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# Antiprism graph

In the mathematical field of graph theory, an antiprism graph is a graph that has one of the antiprisms as its skeleton. An n-sided antiprism has 2n vertices and 4n edges. They are regular, polyhedral (and therefore by necessity also 3-vertex-connected, vertex-transitive, and planar graphs), and also Hamiltonian graphs.[1]

An antiprism graph is a special case of a circulant graph, Ci_{2n }(2,1).

Octahedral graph – 6 vertices, 12 edges

square antiprismatic graph – 8 vertices, 16 edges

Pentagonal antiprismatic graph – 10 vertices, 20 edges

Hexagonal antiprismatic graph – 12 vertices, 24 edges

Heptagonal antiprismatic graph – 14 vertices, 28 edges

Octagonal antiprismatic graph – 16 vertices, 32 edges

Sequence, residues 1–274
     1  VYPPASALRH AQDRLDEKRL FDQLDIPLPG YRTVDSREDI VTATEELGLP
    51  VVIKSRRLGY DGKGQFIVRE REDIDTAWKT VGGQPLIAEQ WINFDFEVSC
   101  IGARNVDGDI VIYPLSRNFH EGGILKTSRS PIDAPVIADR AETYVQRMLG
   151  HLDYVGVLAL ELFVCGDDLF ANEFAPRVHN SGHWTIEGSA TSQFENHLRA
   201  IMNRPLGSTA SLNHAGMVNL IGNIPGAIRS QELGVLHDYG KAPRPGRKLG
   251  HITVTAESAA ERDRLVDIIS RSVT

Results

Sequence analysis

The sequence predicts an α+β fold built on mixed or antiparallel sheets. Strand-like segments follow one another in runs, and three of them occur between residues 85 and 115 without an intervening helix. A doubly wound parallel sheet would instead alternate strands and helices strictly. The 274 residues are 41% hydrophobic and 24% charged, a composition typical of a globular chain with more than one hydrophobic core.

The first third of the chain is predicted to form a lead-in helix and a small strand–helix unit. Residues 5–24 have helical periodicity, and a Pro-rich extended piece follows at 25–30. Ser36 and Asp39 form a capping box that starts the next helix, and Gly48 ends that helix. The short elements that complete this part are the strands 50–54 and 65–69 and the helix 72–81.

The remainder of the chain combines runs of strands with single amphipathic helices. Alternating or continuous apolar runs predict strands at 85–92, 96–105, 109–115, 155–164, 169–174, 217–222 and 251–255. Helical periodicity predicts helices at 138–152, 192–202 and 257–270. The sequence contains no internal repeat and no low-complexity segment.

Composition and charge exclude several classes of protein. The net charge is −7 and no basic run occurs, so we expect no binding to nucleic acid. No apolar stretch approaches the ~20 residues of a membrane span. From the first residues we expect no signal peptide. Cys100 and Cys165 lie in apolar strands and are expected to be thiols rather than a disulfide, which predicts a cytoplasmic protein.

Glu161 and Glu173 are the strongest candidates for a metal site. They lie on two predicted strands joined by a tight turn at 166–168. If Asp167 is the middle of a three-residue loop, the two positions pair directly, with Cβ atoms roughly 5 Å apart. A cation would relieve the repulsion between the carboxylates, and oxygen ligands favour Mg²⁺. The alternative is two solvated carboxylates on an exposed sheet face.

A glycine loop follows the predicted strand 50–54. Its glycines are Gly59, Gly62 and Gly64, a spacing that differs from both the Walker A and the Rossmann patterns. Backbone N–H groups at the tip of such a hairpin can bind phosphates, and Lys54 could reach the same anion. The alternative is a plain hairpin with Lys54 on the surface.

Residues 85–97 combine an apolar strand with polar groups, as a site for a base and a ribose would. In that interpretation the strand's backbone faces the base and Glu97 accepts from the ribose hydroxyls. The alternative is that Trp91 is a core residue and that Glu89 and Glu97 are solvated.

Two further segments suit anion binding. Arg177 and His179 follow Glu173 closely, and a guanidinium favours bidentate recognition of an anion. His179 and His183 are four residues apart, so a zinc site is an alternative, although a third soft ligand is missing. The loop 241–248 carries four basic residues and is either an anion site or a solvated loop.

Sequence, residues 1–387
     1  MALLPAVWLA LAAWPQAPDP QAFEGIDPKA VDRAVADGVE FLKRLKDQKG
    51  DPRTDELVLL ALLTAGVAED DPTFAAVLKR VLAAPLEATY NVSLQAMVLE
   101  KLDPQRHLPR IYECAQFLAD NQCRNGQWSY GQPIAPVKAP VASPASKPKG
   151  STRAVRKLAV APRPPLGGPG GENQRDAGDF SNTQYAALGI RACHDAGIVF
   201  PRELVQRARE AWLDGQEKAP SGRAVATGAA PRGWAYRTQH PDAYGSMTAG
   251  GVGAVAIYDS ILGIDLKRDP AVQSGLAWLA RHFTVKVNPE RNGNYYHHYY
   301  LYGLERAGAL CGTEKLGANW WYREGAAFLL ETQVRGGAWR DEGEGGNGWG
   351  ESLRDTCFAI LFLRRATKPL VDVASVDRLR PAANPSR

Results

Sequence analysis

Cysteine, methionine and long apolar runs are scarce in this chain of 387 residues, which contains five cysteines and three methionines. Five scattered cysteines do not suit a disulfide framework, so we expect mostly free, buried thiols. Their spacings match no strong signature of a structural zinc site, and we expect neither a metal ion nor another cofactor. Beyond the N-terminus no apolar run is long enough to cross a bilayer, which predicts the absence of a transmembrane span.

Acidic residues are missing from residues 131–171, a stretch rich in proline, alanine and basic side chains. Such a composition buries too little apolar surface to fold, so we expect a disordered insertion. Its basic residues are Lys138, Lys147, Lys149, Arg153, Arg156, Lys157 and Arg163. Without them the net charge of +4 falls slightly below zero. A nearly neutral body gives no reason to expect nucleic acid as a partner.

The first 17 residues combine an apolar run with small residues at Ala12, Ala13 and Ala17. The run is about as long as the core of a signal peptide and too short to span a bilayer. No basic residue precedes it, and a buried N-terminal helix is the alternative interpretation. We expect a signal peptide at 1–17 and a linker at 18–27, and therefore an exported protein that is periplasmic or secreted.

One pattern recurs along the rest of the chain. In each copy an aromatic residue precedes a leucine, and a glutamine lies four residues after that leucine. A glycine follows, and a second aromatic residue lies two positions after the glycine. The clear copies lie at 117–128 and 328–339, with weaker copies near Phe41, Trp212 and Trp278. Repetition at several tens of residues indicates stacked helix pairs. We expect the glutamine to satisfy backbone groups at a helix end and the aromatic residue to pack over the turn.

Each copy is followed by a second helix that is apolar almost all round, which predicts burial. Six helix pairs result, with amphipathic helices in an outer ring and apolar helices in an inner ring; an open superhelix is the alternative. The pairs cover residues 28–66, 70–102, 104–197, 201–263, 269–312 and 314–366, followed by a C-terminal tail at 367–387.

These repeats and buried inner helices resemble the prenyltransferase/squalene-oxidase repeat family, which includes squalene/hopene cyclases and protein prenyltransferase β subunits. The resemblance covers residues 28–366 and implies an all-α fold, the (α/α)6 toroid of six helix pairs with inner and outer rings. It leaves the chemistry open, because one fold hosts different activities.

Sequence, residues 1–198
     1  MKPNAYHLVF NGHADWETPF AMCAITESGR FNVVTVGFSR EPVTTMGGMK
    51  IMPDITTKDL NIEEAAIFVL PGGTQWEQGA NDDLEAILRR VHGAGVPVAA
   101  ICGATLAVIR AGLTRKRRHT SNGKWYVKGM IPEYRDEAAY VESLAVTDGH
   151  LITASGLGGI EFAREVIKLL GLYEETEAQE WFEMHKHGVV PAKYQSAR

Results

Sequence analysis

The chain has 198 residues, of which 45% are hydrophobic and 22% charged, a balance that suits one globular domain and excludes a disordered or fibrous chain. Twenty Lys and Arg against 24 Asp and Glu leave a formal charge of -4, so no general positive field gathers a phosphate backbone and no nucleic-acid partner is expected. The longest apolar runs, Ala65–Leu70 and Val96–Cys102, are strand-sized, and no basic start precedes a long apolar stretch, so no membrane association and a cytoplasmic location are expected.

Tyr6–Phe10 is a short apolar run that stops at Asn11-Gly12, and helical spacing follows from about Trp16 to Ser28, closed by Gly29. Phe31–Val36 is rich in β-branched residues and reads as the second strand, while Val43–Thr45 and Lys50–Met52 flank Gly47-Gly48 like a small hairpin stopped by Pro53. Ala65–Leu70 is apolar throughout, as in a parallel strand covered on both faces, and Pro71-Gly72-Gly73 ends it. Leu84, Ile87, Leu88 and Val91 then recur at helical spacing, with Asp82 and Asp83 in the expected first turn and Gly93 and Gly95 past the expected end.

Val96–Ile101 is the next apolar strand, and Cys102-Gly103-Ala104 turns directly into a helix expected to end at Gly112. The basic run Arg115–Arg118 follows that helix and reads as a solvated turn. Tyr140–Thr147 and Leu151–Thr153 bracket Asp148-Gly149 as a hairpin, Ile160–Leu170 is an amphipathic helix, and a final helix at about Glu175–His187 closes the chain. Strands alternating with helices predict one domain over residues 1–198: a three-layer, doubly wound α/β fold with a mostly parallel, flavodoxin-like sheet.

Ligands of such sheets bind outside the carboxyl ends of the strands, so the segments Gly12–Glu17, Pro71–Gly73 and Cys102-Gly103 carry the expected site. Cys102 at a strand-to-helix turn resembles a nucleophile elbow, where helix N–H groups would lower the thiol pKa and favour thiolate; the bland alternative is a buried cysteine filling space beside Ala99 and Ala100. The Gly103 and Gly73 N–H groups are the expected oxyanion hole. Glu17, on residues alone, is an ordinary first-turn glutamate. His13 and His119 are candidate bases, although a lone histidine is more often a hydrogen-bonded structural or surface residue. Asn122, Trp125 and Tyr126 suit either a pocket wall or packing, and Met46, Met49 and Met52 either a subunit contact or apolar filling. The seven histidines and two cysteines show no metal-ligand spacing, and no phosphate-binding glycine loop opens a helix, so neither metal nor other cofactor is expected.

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There are also related star polygon antiprisms:

Pentagrammic antiprismatic graph – 10 vertices, 20 edges

Pentagrammic crossed-antiprismatic graph – 10 vertices, 20 edges

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See also

Regular map (graph theory)

Archimedean graph

Prism graph

Wheel graph

References

Read, R. C. and Wilson, R. J. An Atlas of Graphs, Oxford, England: Oxford University Press, 2004 reprint, Chapter 6 special graphs pp. 261, 270.

External links

Weisstein, Eric W., "Antiprism graph", MathWorld.

Undergraduate Texts in Mathematics

Graduate Studies in Mathematics

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